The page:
To understand this, one can draw attention to Gandhi’s continuous ennoblement of suffering and tension in a religious sense, through his pursuit of varnashramadharma. As we know, in Gandhi’s imagination, it was often the weapons carrying the warrior or Kshatriya who have willfully suffered through acts of self-limitation through self-sacrifice. To commit to staying in the place of fragility and transience, or more precisely, to commit to staying in the space of tension and discontinuity, was to be a Kshatriya. The house, from this point of view, was not so much the space of oneself.care as it was the space of self-sacrifice. In fact, the fragile material constitution of the house, if not the incessant labor nature of inhabiting, was merely a mere outward manifestation of its occupant’s inward inclination to manifest as a Kshatriya.

However, there is a paradox in this reading. As soon as we start tying the house of improvement worker to self-fortune, Gandhi starts pulling us in the exact opposite direction, that is, towards the other. The task in 1935 was not to assert oneself as a Kshatriya, but to imitate a villager. This villager certainly remained undifferentiated and hazy in Gandhi’s thought, but lived a life of hard work, devoid of the resources to adequately reproduce. The village improvement worker’s house was then not a form of self-expression. On the contrary, a fragile house made intelligible the villagers’ inability to make and rebuild themselves effectively on a daily basis. The house was a workspace.

Bapu Kuti was a rather strange place. The Sewagram building was filled with a veranda, a living room, a storage room, toilets and even a massage room. The living room, for its part, was divided into three sections: a central seating area for Gandhi and Kasturba, flanked by subsidiary spaces for Mahadev Desai and visitors on either side. While it was a house re-proportioned by Madeleine Slade to meet Gandhi’s needs, “a true cottage for Bapu”, its material constitution and spatial allocations also draw attention to its instability and inadequacy. as a private space. We can therefore argue that Bapu Kuti was not the space of the self, but the space of the villagers who did not have a secure place of social reproduction. In other words, Bapu Kuti was not Gandhi’s ‘home’, as it might have made him homeless.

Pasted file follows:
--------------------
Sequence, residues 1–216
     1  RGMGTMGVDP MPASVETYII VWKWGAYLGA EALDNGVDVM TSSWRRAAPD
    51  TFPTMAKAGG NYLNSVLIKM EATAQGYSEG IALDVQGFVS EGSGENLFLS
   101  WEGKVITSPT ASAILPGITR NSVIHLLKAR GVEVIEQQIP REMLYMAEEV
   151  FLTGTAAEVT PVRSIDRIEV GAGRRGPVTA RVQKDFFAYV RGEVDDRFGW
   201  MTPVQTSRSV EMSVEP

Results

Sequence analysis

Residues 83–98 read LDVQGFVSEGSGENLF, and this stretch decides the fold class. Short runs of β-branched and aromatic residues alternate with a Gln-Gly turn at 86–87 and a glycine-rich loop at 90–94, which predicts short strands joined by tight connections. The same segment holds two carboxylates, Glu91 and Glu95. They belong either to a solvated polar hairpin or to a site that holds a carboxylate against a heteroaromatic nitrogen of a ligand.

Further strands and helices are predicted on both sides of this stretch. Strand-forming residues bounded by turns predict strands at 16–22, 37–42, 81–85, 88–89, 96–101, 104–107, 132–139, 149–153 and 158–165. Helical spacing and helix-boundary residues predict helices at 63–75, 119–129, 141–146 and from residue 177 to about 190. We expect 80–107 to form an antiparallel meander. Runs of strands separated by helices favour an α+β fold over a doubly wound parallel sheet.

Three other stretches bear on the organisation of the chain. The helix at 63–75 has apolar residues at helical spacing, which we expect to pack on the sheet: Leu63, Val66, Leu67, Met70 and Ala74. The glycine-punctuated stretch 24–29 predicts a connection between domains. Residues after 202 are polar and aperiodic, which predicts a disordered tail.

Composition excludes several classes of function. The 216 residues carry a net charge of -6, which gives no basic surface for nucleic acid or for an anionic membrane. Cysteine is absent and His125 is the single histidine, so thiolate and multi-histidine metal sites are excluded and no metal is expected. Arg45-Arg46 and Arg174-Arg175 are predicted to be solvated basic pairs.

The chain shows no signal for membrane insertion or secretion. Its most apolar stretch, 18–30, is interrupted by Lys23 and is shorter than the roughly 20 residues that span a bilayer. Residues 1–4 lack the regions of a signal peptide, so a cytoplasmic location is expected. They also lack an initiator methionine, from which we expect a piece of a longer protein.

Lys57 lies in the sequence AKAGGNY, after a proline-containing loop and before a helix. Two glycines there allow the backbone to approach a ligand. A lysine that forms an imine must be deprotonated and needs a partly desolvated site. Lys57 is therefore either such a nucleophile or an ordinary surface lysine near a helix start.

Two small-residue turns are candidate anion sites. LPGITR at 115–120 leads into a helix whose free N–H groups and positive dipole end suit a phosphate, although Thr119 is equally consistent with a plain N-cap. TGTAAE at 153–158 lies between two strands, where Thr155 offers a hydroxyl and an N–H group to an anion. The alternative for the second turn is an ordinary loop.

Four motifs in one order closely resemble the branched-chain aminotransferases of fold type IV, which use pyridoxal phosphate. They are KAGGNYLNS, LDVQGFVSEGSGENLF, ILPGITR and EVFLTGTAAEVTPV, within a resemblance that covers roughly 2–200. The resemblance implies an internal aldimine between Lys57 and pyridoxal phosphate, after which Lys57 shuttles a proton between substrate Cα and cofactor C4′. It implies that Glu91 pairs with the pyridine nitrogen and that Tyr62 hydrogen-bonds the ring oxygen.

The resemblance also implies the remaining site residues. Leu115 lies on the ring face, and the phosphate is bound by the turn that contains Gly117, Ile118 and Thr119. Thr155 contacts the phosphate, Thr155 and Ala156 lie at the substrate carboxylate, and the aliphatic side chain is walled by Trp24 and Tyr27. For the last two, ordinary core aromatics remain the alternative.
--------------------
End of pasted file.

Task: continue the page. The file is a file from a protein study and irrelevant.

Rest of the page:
Map of Bapu Kuti. Photo credit: Reproduction by LA: Journal of Landscape Architecture

If one trusts the architecture of Bapu Kuti and Gandhi’s injunctions for village improvement works, the task of conserving or reproducing Gandhian architecture in the present must, of necessity, extend beyond beyond an architecture of permanence for Gandhi’s own ashrams and encompass those who are deprived of them. resources to reproduce adequately. As we know all too clearly from the exodus of workers from cities caused by the pandemic, these people are never too far from us. The conditions of the thousands of construction workers working on supposedly world-class construction sites in India, without the benefit of shelter or a quiet place, are not too different from those of the villagers of India. Gandhi’s imagination in 1935. What does a Sabarmati ashram dedicated to the construction workers of Ahmedabad look like?

Venugopal Maddipati is an architectural historian who teaches at the School of Design at Ambedkar University in New Delhi. He is the author of Gandhi and architecture: time for cheap housing.